Royal Caribbean and COVID-19: Cruise giant considering ban on unvaccinated passengers

One of the world's largest cruise lines is considering whether to make vaccination against COVID-19 a requirement for boarding. 

More than 130,000 people have been vaccinated in the first week of the UK's vaccination programme, which began on December 8.

Frank Del Rio, the chief executive of Norwegian Cruise Line Holdings, said: "It will certainly be a requirement for the crew. But it's too early to tell whether we have the legal standing to mandate that you take a vaccine to come onboard – lawyers are looking at it as we speak.

"But there is talk beginning to emerge from different corners of the travel industry, the airlines as well, of requiring some kind of immunity passport demonstrating that you've had the virus or been vaccinated, so that you are good to go."

In conversation with John Lovell, the president of Travel Leaders Group, during a Zoom call, Del Rio added: "We have to build confidence in our customers and among ourselves that it's safe to cruise."

One of many pools on the pool deck of Royal Caribbean's 374-metre long Ovation of the Seas, which was one of the largest cruise ships in Australia.

One of many pools on the pool deck of Royal Caribbean's 374-metre long Ovation of the Seas, which was one of the largest cruise ships in Australia. Photo: Chris Hyde

Norwegian Cruise Line Holdings, which counts Regent Seven Seas, Oceania Cruises and the eponymous line among its brands, is second only to Carnival in terms of passengers numbers. It recently announced that it is extending its suspension of sailing through February 2021.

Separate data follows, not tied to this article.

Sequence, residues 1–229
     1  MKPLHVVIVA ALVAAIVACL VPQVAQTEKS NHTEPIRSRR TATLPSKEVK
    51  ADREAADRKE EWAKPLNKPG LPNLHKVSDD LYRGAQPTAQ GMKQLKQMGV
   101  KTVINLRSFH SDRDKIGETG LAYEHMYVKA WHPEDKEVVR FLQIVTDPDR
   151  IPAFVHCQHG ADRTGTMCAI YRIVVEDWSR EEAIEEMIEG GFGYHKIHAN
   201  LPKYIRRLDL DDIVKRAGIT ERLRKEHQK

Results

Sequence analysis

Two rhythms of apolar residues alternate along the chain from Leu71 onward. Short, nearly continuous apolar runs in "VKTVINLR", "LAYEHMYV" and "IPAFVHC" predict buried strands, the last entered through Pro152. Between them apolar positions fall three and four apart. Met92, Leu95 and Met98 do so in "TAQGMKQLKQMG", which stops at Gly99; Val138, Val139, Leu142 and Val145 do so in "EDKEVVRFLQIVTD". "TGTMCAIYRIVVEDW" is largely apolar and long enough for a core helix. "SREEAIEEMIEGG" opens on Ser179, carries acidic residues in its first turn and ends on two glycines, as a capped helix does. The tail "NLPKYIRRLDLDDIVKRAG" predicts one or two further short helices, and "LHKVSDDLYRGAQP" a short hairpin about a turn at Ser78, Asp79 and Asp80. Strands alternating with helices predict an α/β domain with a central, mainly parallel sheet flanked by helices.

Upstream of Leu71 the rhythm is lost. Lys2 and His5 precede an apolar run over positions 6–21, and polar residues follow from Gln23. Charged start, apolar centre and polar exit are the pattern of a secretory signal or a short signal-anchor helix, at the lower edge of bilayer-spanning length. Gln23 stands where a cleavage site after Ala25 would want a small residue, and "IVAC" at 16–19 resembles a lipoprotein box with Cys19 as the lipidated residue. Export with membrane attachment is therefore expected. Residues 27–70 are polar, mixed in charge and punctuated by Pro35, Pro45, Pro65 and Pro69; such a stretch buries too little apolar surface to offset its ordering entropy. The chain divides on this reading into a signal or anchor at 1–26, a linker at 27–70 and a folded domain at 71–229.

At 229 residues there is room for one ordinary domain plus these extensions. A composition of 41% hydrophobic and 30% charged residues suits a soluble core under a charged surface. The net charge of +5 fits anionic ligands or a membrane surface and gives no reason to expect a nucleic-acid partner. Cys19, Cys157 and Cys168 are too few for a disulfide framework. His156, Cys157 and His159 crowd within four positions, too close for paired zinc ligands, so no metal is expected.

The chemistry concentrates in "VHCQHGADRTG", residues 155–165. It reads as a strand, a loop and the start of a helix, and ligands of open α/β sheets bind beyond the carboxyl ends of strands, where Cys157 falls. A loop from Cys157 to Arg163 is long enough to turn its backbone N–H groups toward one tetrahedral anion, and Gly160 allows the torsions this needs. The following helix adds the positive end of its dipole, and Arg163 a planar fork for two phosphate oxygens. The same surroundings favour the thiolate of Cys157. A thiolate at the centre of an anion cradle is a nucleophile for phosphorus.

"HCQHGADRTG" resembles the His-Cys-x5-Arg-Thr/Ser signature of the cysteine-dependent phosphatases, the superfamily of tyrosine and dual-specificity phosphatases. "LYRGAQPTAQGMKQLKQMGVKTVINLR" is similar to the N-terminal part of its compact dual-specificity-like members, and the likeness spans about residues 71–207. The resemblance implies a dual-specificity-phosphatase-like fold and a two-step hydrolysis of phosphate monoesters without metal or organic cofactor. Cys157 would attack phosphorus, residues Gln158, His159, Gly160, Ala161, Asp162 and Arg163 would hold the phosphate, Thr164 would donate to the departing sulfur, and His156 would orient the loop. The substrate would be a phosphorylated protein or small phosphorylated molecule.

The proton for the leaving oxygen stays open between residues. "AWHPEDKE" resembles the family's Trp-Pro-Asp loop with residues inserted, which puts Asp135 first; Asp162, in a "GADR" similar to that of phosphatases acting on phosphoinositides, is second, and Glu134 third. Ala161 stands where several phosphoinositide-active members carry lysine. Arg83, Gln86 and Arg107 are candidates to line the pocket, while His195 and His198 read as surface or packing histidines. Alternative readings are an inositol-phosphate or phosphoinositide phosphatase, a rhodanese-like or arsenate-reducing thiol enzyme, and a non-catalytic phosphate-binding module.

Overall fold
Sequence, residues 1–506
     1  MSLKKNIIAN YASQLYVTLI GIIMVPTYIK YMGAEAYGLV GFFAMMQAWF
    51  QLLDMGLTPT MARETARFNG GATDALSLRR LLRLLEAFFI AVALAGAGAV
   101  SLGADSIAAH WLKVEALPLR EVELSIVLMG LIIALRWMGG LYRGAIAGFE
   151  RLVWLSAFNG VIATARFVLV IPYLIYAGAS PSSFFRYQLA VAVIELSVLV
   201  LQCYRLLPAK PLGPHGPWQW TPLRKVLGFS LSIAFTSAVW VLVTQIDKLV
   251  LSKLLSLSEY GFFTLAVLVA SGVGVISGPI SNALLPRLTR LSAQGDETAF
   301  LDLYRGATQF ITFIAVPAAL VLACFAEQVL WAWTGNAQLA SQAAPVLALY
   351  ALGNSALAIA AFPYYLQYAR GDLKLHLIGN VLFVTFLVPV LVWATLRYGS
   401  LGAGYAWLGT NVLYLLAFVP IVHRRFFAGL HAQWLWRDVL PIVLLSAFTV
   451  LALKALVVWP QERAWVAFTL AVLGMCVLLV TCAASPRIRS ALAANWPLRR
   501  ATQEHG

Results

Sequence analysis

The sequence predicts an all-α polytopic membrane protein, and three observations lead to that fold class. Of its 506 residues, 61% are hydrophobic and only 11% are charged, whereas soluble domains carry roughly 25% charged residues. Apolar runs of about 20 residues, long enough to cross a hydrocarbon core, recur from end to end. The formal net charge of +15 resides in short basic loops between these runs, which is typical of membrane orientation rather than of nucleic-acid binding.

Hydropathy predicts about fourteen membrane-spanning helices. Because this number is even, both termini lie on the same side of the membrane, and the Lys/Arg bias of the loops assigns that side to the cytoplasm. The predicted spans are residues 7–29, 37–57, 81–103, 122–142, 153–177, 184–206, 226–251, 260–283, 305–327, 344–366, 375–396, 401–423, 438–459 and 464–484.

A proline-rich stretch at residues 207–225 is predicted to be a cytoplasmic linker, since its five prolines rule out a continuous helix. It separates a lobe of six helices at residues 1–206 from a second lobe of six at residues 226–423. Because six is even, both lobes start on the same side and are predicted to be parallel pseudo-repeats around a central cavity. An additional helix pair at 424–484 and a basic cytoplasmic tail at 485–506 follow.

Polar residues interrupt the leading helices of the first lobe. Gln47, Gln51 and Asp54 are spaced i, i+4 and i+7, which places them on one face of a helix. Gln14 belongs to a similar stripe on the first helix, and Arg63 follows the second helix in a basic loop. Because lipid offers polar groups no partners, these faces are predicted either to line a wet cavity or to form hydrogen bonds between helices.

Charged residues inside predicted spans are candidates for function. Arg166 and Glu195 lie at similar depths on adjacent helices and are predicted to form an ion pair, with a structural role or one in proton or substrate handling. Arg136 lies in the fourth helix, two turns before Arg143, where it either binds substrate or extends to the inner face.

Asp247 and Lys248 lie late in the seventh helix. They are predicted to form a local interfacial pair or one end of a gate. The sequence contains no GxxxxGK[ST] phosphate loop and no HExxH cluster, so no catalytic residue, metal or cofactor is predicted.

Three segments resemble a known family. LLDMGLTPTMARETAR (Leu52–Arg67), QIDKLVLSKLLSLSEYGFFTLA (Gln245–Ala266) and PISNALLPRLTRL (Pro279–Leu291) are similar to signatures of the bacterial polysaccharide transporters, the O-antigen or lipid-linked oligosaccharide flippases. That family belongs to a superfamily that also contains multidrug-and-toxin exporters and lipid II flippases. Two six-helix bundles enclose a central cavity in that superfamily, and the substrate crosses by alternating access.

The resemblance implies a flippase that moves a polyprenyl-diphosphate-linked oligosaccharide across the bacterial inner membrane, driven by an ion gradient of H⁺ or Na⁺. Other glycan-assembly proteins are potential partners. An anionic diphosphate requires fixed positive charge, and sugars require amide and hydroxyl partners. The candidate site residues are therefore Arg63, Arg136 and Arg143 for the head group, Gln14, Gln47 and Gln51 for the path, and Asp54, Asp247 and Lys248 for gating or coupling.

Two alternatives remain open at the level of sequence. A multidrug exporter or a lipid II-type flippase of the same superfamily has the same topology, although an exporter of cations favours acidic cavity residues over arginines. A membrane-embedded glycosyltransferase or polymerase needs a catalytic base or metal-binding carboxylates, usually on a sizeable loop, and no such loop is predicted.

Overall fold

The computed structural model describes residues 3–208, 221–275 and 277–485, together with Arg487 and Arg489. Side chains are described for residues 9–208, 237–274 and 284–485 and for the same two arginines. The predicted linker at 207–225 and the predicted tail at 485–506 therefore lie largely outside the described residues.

While some cruises are on the calendar for March 2021, Del Rio admitted they were unlikely to happen.

"We hope that the pandemic will ease and we can work out our differences with the CDC (Centers for Disease Control and Prevention) to start in mid to late March. It's a long shot, but I want to keep that possibility as long as I see a possibility," he said.

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Much more likely is that it will take until July, August, and September (Q3) before "the world as we know it should be open to cruising."

According to Del Rio, cruising should be "in a good gallop" by the fourth quarter of 2021 and "the world's fleets should be all up and running and us coming out of it" by 2022.

Del Rio isn't the only cruise boss keen to see a COVID-19 vaccination as a passenger's passport to board a ship.  

Speaking exclusively to The Telegraph, Michael Wilson – the managing director of Bolsover Cruise Club –  hailed a COVID-19 vaccine "as a beacon of hope."  

He said: "Since the pandemic began, I have strongly believed that resuming travel as we know and love it would require a vaccine."

It's a sentiment shared by Lucas Schmitter, Croisi Europe's director for e-commerce, who told The Telegraph: "We remain hopeful that this will be the beginning of getting this pandemic under control and that our lives and health will return to some similarity of pre-Covid days."

Peter Shanks, UK and Ireland managing director for Silversea Cruises, said that a COVID-19 vaccination would "definitely give confidence and hope to the two million British cruisers who have missed out on their cruise in 2020 and are so keen to return to sailing in 2021 and 2022."

The Telegraph, London

See also: 'Cruise to nowhere' turns back after passenger tests positive for COVID-19

See also: When international travel opens up, this is why I'm flying with Qantas


 

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